Network television is looking for love but finding it harder and harder to get a date. Almost all the major networks have seen a drop in prime-time viewers this season—during February sweeps, NBC even fell to a shameful fifth place, behind Univision—as audiences attracted by very specific programming have splintered into niche subgroups. This year’s upfronts in New York feature an undeniable sense of desperation.
There are now shows about pawn shops, duck hunters, and extreme couponers. There’s also Burger Land, an entire series devoted to hamburgers. (For a sense of how truly uneven the television landscape is, remember that the most hyped debut show is currently an esoteric comedy that was canceled because of poor ratings in 2006 and was recently resurrected on Netflix). However, instead of regrouping and employing some carefully crafted calculus as they set out for future hits, the major networks have collectively ordered up 104 pilots this season. (For reference, the previous two seasons had fewer than 90). It’s the entertainment equivalent of dating half of OK Cupid and hoping to stumble on the perfect match.
How many of these shows actually got picked up? Out of 30 pilots, NBC greenlit about 14, which represents a whopping 45 percent success rate. Traditionally, only one-third of pilots ever make it to air, which makes getting on TV about as difficult as getting into NYU for college. ABC and CBS haven’t yet released their final schedules, so the final numbers aren’t yet known, but about 21 new comedies and 27 dramas are expected to come to network TV later this year.
“This is the most disruptive season I can remember,” says Brad Adgate, research director at Horizon Media. “Netflix’s House of Cards became the new water cooler show this spring, The Walking Dead has a huge audience, and now there’s The Bible. Cable networks have always done well with kids’ programming, sports, and news, but never with scripted TV shows. At least, not to this extent.”
In addition to cable, networks now have to worry about online outlets as competitors, too. According to Nielsen, YouTube reaches the coveted 18-34 demographic better than any cable network does. To compete in this unfamiliar landscape, NBC has ordered up 10 episodes of Dracula, a period vampire drama starring Jonathan Rhys Myers, formerly of Showtime’s The Tudors. Fox is also restarting Kiefer Sutherland’s 24. Both shows are targeted at online viewers. “They’re the big binge-watch shows,” as Adgate puts it.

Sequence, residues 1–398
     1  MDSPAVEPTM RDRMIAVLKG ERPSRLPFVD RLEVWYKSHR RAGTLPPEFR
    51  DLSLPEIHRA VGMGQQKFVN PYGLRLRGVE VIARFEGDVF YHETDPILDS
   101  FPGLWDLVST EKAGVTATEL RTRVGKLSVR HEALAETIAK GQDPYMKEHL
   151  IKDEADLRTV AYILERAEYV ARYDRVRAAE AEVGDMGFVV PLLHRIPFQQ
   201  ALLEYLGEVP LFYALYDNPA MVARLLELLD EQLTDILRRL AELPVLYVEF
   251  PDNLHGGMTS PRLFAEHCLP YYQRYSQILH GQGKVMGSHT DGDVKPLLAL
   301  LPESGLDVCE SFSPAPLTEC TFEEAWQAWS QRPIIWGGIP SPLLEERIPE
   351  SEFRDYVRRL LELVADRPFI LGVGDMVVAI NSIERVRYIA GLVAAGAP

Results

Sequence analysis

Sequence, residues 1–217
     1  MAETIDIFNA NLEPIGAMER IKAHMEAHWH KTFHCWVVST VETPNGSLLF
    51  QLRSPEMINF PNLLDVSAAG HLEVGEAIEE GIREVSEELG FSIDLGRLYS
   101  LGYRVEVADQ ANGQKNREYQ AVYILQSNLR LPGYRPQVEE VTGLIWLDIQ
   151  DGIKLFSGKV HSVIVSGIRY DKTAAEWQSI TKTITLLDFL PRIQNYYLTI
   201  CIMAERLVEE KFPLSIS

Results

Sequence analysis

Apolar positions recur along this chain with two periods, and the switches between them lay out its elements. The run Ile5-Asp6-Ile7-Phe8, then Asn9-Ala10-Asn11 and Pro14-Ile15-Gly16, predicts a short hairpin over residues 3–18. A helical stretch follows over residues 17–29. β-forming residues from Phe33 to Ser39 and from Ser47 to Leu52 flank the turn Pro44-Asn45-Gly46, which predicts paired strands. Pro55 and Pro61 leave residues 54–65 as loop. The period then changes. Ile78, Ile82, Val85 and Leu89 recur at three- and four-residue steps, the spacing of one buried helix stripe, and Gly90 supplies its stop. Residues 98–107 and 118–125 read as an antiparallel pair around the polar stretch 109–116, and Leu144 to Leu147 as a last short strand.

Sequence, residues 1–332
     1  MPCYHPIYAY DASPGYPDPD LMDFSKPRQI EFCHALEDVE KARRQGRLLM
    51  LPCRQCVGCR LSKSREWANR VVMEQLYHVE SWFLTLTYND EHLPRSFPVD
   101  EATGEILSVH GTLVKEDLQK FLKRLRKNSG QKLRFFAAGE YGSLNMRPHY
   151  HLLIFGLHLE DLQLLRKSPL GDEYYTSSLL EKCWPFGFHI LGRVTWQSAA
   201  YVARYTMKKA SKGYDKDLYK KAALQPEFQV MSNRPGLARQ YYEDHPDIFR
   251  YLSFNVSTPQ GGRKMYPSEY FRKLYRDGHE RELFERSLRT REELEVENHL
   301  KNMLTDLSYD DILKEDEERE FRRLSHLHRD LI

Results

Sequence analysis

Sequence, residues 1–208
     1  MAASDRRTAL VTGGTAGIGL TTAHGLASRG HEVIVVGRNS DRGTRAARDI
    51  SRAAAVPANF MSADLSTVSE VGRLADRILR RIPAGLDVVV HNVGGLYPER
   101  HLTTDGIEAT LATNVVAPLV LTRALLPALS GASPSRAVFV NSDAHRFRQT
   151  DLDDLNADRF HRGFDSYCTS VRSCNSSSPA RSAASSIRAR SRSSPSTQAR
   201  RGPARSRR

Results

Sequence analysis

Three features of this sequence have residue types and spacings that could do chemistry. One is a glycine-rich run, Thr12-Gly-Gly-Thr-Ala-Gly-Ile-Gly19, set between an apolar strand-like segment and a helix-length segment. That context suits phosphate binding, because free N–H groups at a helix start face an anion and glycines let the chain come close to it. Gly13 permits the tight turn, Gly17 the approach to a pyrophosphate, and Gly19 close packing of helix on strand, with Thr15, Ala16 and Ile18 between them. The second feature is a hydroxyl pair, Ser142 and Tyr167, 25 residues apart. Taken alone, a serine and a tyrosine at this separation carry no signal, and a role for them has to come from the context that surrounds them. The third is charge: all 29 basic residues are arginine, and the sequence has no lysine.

At an average price of $5 million, pilots are incredibly expensive to produce. “It’s about double the price of a regular show,” says Adgate. “So there is a secondary message here that networks are willing to invest in new projects.” NBC has cut almost all its comedies except for veterans Parks and Recreation and Community, choosing instead to issue a new lineup in hopes it will be more successful. Comedies rarely inspire the fervid following that shows such as Mad Men and Breaking Bad do, but they do have something advertisers covet—young people.
According to Horizon Media, shows such as The Mindy Project and New Girl rate highly with people under 30, while dramas draw those in their 40s. After Sunday Night Football and American Idol, the most expensive advertising spots on TV this past year were for Modern Family and New Girl, both comedies with younger followings. “Advertisers will still pay a premium if they know they can get the under-40 demographic,” says Adgate.
NBC is going a step farther to compete with cable by premiering new shows throughout the winter. The Sochi Olympics take place in February 2014, but instead of just bringing the same shows back when the games are over, the network will split part of its lineup up into two smaller seasons. This might afford NBC a better shot at competing with cable networks, which often premiere series outside the normal fall and spring seasons. “With all these new comedies, football, and the Olympics, you can bet NBC won’t be fifth next year,” says Adgate. “They do not want to be behind Univision again.”